CPS Safety Watch/Alert – Culture Can Improve the Control of Multi-Drug Resistant Organisms

Issue:

  • A number of events reported co CPS’ Patient Safety Organization (PSO) demonstrate poor handoff communication about the patients’ infectious disease status
  • Examples include:
    • Patient with suspect TB transferred to floor without making staff aware.
    • Patient transferred to ICU from the ED without sharing information that patient was positive for MRSA.
    • Patient directly admitted without informing receiving personnel that swab testing for influenza had come back positive.

Actionable Items to Mitigate Risk

  • Standardize communication during handoffs.
  • Include in the standardized handoffs a summary of the patient’s infectious disease status, including need for precautions.
  • Identify any outstanding testing during handoff.

The Culture Connection

  • Effective handoffs and clear communication among staff members, within and between units, are important components of a strong safety culture.
  • In addition to investigating the clinical components of these events, the organizations should examine any culture factors that impede full and appropriate communication at handoffs.

Resources

CPS Releases PSO Report: #CultureForward

The Center for Patient Safety, a Patient Safety Organization (CPS PSO), is pleased to present this report summarizing some of the information we are learning from the collaborative participation of healthcare providers across the country.

Please note throughout this report, each contracted provider with the CPS PSO participates voluntarily. Each participating organization may elect to report different types of patient safety events, or they may elect to only submit information about the least or most severe cases, therefore, analysis of PSO data is always conducted with this understanding. Benchmarks and rates are unattainable without having a complete data set, so the information in this report is intended to offer a snapshot of the trends and findings from the thousands of events we have collected from hospitals, long-term care organizations, health systems, home health, emergency medical services, and medical offices.

We hope you find value in the information we have provided in this report. If you are not yet participating with a PSO, please contact CPS and we would be happy to help you with your selection process. All PSOs are different and it is important that you find the one that best meets your needs. As a reminder, organizations can participate with more than one PSO. We would encourage you to do so if there are beneficial offerings to your organization. Some PSOs are specific to, for example, children’s hospitals, while others may be specific to Pharmacies. CPS works across the continuum of care and is positioned to help you achieve your greatness.

I encourage you to review this report and compare the findings to patient safety concerns at your own organization. Contact me or any member of the team for information about how we can support your organization as an extension of your quality or safety department. We want you to be successful!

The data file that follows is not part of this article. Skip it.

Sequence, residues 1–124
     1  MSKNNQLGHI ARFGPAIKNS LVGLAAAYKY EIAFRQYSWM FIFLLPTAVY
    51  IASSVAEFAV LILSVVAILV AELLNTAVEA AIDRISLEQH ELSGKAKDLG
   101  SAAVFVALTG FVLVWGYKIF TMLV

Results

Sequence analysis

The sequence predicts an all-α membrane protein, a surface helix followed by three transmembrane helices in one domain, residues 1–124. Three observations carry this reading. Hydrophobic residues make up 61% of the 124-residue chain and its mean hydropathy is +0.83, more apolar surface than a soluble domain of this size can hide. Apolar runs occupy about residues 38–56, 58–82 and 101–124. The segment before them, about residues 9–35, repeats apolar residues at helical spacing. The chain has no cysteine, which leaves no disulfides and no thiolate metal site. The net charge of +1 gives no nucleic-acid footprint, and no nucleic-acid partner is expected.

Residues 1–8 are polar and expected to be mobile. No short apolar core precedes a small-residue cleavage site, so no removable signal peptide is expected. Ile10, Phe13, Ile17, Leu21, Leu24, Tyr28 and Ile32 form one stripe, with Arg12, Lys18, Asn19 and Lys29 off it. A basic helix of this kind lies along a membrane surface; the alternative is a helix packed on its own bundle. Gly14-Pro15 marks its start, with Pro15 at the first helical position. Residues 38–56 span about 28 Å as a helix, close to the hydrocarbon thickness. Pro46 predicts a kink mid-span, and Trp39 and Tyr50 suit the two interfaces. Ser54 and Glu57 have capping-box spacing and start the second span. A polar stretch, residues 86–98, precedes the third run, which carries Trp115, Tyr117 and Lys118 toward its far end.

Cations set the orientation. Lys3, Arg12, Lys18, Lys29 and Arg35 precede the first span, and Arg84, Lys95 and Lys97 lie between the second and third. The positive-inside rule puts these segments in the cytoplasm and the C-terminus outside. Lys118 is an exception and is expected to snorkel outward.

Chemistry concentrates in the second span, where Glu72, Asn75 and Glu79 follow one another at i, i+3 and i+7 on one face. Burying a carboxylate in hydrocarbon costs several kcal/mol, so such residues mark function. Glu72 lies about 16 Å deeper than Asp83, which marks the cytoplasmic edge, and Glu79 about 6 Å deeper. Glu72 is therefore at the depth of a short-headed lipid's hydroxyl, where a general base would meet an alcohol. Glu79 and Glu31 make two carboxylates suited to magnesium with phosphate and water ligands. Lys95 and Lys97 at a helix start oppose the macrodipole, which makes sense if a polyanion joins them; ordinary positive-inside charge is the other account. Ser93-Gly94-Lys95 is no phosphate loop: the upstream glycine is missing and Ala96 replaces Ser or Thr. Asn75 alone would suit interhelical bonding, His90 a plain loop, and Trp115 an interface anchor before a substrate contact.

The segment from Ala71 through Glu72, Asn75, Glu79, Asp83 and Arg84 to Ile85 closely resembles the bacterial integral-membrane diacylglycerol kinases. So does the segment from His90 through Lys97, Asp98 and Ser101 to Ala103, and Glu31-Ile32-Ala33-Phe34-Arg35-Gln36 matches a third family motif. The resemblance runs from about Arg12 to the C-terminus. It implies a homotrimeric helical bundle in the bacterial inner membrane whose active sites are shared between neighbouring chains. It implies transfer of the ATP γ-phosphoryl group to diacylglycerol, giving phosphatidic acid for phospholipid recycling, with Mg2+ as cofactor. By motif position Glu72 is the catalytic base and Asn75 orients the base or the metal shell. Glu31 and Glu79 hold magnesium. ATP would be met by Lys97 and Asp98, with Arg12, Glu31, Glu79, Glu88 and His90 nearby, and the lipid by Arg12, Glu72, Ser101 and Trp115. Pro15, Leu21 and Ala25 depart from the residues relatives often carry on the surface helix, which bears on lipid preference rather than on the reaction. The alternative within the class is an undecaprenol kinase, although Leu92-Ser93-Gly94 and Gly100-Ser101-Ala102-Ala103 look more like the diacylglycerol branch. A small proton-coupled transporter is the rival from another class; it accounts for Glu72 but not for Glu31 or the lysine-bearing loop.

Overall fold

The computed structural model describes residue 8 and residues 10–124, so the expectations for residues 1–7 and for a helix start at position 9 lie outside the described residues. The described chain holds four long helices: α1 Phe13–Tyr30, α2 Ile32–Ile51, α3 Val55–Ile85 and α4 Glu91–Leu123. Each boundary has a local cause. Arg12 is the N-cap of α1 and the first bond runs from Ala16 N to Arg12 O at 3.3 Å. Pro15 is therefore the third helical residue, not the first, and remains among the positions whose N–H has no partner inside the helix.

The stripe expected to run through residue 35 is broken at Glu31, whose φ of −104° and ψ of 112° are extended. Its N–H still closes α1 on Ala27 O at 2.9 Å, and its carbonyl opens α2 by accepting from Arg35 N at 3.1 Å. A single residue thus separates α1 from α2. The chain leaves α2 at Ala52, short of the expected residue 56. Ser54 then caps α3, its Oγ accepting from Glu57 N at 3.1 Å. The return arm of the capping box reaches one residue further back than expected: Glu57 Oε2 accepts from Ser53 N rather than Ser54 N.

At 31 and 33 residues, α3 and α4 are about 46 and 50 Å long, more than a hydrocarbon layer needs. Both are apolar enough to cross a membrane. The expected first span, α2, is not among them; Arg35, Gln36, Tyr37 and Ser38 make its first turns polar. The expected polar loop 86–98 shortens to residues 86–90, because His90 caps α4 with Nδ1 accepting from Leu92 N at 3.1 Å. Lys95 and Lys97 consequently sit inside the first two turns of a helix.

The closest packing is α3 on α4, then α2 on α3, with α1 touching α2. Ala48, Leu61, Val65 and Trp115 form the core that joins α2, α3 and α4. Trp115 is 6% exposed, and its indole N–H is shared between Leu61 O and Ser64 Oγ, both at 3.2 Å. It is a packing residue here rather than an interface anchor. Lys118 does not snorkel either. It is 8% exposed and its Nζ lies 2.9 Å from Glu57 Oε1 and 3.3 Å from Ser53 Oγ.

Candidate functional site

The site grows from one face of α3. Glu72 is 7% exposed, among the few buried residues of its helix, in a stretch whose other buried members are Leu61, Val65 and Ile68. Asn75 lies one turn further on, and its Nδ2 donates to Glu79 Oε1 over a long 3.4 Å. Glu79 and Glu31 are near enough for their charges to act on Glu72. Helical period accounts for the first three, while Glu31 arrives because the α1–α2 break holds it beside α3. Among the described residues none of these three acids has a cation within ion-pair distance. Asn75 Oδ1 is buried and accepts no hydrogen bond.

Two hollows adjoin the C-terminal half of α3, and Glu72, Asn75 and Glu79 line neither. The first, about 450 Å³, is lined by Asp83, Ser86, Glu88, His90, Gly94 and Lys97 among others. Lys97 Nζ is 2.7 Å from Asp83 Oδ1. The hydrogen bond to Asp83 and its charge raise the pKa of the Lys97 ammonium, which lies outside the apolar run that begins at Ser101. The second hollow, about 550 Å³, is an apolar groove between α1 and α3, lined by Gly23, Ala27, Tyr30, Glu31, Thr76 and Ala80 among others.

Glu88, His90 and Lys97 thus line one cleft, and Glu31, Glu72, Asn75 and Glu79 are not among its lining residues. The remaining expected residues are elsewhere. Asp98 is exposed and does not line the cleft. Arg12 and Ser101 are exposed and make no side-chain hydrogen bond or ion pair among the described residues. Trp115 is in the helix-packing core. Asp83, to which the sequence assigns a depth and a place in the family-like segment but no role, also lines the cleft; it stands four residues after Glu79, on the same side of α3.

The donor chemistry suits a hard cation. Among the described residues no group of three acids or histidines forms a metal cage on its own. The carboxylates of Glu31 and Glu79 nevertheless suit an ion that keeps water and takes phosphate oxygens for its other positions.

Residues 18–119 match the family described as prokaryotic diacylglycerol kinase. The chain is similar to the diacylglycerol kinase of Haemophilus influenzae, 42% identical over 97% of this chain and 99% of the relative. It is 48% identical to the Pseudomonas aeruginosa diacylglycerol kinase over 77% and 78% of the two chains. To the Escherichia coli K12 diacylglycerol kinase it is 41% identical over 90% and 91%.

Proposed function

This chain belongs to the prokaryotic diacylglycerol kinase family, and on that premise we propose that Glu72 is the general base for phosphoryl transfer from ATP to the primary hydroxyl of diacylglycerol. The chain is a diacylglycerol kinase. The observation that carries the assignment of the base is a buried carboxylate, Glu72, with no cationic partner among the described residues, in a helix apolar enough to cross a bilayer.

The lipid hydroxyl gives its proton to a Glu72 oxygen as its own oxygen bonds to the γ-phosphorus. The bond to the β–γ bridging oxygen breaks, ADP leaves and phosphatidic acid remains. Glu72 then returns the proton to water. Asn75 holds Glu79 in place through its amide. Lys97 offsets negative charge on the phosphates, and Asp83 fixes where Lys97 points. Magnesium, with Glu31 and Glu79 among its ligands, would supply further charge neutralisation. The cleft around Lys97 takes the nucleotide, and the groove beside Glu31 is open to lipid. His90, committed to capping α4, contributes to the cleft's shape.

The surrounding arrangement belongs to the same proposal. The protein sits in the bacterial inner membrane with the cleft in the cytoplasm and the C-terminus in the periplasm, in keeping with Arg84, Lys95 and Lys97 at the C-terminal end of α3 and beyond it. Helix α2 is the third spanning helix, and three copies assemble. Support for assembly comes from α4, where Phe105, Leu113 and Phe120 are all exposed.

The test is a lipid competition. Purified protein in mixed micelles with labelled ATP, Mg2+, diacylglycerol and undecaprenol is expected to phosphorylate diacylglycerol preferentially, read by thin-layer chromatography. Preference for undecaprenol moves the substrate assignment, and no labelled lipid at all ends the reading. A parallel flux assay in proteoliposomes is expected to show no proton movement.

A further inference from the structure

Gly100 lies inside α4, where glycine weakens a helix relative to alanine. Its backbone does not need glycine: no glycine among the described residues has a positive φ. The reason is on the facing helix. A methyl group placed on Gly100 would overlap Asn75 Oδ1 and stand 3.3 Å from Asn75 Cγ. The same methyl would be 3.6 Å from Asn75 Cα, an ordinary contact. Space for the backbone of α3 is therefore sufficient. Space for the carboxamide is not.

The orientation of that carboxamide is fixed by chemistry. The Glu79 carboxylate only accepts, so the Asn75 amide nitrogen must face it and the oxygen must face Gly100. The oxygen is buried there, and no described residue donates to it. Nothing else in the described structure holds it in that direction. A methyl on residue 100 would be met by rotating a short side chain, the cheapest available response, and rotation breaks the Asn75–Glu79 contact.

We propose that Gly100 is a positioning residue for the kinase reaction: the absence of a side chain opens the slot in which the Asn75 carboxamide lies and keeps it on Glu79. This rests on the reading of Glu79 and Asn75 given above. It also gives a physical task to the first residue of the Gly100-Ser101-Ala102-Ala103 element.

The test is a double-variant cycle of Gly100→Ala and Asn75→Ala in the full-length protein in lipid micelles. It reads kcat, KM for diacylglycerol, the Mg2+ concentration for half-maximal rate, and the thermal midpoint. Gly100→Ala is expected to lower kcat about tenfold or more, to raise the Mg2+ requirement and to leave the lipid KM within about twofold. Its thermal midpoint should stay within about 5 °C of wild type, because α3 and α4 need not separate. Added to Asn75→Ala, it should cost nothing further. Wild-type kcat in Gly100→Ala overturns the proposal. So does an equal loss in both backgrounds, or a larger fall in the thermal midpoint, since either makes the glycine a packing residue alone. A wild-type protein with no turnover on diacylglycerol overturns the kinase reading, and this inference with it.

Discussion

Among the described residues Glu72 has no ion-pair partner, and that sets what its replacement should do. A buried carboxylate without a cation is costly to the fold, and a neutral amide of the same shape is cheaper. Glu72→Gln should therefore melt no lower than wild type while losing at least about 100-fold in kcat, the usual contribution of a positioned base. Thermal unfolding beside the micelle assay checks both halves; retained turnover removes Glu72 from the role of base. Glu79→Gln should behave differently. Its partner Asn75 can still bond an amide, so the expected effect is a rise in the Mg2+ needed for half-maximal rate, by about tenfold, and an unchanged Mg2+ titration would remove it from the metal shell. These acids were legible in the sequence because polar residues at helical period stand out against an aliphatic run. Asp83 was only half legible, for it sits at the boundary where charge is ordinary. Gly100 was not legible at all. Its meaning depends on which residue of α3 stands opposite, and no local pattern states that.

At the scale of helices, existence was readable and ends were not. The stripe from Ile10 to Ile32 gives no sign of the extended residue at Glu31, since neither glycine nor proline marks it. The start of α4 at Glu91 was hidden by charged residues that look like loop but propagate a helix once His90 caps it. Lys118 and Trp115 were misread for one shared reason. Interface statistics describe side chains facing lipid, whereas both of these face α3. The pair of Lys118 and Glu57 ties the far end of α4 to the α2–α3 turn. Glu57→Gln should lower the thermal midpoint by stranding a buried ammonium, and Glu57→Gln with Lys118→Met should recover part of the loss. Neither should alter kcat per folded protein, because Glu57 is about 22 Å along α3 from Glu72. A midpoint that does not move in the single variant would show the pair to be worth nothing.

Download the Report

Patient Safety Boot Camp Now Available for EMS

Patient Safety Boot Camp Now Available for EMS

There’s lots of talk in the EMS world about patient safety and patient culture, but few resources to assist agencies in improving their culture and moving forward.

The Center for Patient Safety (CPS) has taken action. Based on similar work done in the acute setting several years ago, we have developed a day-long Patient Safety Bootcamp for EMS professionals.

Attendees will learn the basics of the science of patient safety, human factors, error reduction, process improvement and measurement. Presentations are in TED talk style, with “work-out” discussion sessions after each topic for attendees to analyze how their agency is fairing relative to the presented topic. Tools such as fishbone, root cause analysis, prioritization matrices and action plans are used throughout the day.

The goal is for each participant to leave the boot camp with either the start or refinement of a patient safety plan. Presenters are safety specialists with many years of experience in patient safety and quality improvement.

I encourage EMS personnel to consider this unique opportunity to dive in to patient safety!

LOCATIONS

JULY 25:  , BRANSON, MO Preconference workshop- MISSOURI EMS EXPO

  • Special guest speaker: TBA
  • REGISTER HERE for the Branson EMS EXPO BOOT CAMP

AUGUST 2: Tomball, TX –Greater Houston area

  • Hosted by- Northwest Community Health
  • Special guest speaker: TBA
  • REGISTRATION for EMS BOOT CAMP Tomball TX, COMING SOON

AUGUST 23-24: DENVER, CO as part of the National EMS Safety Summit

OCTOBER 18: ST. LOUIS, MO

  • Special guest speaker: TBA
  • REGISTER HERE for PATIENT SAFETY BOOT CAMP

Diagnostic Errors are a Problem!